Closed Loop was a downstream outlet for CRT glass that closed last year with sizable tonnages of CRT material in warehouses in Ohio and Arizona. It had stated plans for a smelting furnace technology, but the full operation never materialized.
A real estate firm this month filed a $14 million lawsuit against Closed Loop, Kuusakoski and UNICOR, also known as Federal Prison Industries. In response to the suit, Kuusakoski sent a statement to E-Scrap News that noted the Columbus, Ohio headquarters of Closed Loop was audited by original equipment manufacturers (OEMs), certified to the R2 standard and approved by the Ohio EPA.
Kuusakoski is a large Finland-based recycling company that in recent years has expanded into the CRT and electronics recycling business in the U.S.
In regards to using Closed Loop as a major downstream partner, the firm noted the following in a Sept. 8 statement: “The shipment of material for recycling to a certified, state approved, and OEM directed facility is not the basis for a legitimate lawsuit.”
Closed Loop shuttered last year and abandoned what is believed to be the country’s largest stockpile of CRT glass in Ohio and Arizona. Two Ohio warehouses, which currently house 113 million pounds of CRT material and another 15 million pounds of e-scrap, are the subject of the recent lawsuit, filed by the landlord.
Kuusakoski and its entities, including processor Vintage Tech, are accused in the suit of having “aided and abetted the scheme.” According to the lawsuit, Kuusakoski and its entities sent 48.6 million pounds of CRT material to Closed Loop between 2012 and 2016.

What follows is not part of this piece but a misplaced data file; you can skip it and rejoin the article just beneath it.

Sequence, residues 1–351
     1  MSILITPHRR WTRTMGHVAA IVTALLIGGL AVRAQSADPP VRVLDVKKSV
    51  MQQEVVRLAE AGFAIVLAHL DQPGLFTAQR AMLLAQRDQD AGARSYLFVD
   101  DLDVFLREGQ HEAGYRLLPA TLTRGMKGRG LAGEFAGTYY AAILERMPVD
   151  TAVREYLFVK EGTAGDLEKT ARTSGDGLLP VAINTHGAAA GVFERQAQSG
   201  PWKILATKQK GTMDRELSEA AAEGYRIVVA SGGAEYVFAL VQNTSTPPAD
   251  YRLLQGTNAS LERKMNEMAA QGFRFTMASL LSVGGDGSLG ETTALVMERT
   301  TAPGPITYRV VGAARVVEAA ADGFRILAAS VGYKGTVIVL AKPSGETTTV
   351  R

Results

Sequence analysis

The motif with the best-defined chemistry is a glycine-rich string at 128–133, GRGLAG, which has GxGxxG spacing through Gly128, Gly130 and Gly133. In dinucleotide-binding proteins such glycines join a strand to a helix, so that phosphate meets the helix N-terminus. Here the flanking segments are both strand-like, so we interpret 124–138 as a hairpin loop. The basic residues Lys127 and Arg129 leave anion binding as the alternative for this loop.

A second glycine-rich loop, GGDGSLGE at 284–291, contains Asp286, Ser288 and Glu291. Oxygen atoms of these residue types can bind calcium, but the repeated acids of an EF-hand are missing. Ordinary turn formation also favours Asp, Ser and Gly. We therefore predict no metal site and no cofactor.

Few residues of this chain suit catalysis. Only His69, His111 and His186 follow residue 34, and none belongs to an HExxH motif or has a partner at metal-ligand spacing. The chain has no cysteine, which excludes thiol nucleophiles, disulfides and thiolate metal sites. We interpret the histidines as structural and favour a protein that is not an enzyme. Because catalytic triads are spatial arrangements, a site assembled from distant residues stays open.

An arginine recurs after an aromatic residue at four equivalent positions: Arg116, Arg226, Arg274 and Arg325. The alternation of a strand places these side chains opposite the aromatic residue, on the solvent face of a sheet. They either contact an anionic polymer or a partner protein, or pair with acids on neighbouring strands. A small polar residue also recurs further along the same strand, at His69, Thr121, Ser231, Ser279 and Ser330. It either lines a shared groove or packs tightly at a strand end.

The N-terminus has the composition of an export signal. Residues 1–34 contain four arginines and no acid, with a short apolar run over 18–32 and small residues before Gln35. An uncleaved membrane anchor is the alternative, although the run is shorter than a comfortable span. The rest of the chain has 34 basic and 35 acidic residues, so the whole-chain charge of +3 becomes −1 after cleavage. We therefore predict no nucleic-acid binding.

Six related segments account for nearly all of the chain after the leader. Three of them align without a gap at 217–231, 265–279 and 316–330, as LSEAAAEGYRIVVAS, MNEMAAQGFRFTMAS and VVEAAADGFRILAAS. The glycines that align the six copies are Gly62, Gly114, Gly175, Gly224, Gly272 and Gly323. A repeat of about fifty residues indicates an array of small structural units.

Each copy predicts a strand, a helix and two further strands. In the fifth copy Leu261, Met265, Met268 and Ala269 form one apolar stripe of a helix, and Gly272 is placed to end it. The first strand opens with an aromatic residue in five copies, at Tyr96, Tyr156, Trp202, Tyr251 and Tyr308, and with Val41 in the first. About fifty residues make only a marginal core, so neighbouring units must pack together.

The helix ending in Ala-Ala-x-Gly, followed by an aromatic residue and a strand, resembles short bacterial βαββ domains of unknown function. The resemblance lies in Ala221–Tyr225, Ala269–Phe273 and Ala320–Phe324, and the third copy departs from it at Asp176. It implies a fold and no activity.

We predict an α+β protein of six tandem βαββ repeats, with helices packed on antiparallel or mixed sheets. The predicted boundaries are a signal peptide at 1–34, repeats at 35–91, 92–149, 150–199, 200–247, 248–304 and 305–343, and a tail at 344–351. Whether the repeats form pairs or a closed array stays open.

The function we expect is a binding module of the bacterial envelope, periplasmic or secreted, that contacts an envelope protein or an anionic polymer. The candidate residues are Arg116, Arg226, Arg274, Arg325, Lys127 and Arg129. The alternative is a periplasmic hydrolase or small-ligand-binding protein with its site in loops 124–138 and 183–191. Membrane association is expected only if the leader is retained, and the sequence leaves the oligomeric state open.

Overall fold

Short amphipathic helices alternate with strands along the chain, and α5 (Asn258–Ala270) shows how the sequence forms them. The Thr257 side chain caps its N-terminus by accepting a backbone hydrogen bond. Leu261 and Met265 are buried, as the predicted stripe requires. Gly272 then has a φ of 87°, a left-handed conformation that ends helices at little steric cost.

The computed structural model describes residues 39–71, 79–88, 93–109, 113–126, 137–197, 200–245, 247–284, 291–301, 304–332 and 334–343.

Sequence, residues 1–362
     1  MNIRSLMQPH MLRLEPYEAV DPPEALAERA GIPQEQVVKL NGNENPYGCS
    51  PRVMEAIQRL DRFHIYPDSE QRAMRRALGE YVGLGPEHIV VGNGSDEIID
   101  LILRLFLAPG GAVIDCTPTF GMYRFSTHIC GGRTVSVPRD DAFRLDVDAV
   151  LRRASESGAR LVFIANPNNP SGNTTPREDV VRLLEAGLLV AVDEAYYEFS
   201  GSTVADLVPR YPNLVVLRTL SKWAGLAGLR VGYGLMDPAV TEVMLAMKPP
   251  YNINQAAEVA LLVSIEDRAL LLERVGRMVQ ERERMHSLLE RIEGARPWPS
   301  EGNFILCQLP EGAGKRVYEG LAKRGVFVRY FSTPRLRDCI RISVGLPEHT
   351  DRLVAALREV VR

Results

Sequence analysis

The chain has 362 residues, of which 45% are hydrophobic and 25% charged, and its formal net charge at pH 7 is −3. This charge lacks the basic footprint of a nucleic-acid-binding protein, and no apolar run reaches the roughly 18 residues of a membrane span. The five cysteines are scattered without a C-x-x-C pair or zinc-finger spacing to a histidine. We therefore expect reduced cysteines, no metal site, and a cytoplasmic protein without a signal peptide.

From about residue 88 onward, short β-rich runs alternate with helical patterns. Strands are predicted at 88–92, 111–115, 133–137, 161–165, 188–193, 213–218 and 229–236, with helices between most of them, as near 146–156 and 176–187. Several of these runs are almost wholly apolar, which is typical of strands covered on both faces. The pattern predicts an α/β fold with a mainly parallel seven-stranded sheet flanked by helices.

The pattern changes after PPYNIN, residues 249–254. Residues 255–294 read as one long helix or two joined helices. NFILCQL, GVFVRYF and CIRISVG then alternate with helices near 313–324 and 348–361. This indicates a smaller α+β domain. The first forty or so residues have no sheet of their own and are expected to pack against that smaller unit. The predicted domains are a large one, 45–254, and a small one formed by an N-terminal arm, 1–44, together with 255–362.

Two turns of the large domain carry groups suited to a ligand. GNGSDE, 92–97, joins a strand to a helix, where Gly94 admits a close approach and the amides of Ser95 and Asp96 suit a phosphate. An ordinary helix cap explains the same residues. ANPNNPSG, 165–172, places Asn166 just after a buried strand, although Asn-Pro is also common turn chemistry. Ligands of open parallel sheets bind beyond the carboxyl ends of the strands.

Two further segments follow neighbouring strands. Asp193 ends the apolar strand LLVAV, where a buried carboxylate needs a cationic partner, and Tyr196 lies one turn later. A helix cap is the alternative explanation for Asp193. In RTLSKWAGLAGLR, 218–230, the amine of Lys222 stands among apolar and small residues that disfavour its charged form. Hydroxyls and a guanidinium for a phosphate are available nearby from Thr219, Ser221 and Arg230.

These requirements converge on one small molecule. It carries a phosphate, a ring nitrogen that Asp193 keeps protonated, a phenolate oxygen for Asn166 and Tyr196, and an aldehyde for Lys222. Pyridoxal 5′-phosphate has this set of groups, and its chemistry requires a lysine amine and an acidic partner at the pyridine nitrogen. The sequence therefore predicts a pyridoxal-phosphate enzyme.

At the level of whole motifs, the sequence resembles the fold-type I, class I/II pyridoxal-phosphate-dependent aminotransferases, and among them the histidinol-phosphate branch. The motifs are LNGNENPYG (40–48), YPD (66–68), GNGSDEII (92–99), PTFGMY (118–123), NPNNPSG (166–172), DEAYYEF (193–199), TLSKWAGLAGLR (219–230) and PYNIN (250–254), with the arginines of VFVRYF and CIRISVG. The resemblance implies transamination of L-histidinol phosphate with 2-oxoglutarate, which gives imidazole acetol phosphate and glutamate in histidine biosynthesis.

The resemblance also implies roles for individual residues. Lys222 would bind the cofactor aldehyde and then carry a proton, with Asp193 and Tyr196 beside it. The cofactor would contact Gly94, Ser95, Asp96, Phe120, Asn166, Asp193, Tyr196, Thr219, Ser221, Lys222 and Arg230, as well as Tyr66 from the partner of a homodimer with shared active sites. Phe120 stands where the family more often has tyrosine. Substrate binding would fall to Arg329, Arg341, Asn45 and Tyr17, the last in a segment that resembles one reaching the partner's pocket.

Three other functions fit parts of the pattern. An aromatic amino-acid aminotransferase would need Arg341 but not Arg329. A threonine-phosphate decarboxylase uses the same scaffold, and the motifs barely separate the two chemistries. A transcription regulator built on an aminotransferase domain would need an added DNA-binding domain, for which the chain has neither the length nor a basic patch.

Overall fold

OEM involvement remains unclear
Responding to written questions from E-Scrap News, Kuusakoski said it will “vigorously defend itself in the litigation.”
“All Kuusakoski-related entity transactions were made in furtherance of recycling CRTs,” Rich Hipp, Kuusakoski’s CEO, told E-Scrap News. He also noted attorneys for the plaintiffs have begun “sending demand letters to other parties threatening to bring them into the litigation.”
Hipp added that “Kuusakoski will not comment at this time on the specific contractual terms with any of its individual partners and customers. However, it is not uncommon for parties to direct that their CRTs be sent for recycling to certified facilities.”
State records from Illinois and Pennsylvania indicate Kuusakoski and Vintage Tech worked with major OEM Sony during Closed Loop’s tenure in Ohio.
In Illinois, Vintage Tech was Sony’s recycling partner from 2013 to 2016. In Pennsylvania, meanwhile, both Kuusakoski and Vintage Tech served as Sony’s vendor in 2014-15. Neither state program tracks downstream data on CRT flows.
Doug Smith, Sony’s director of corporate environment, safety and health, declined to comment on whether Sony “directed” any of its partners, including Kuusakoski and Vintage Tech, to use Closed Loop. However, he said the company “preferred” its vendors to work with Closed Loop, which was R2-certified until 2016, whenever possible.
“We preferred Closed Loop,” Smith said. “Other than a smelter, they were only the ones that demonstrated the technical ability to remove lead from the glass.”
According to Smith, an early prototype of the furnace Closed Loop had hoped to scale up was proof the company could extract lead from CRT glass. “They had technology that worked, they had good knowledge of the business [and] good knowledge of the world of electronic waste,” he said.
Asked if Sony ever grew concerned about the company’s inability to build its furnace or its regulatory issues in Ohio, Smith said, “We are absolutely not in charge of a financial balance sheet for any of these recyclers. … We never saw any of those details.
“People think we’re in bed with these recyclers – we’re not,” he added. “It’s a customer-vendor relationship and they provide a service and we pay a fee for it.”
Responding to a question about whether Sony is concerned it will be brought into the lawsuit, Smith said Sony didn’t ship any material to Closed Loop.
“We’re not the owner of this waste anymore,” he said.
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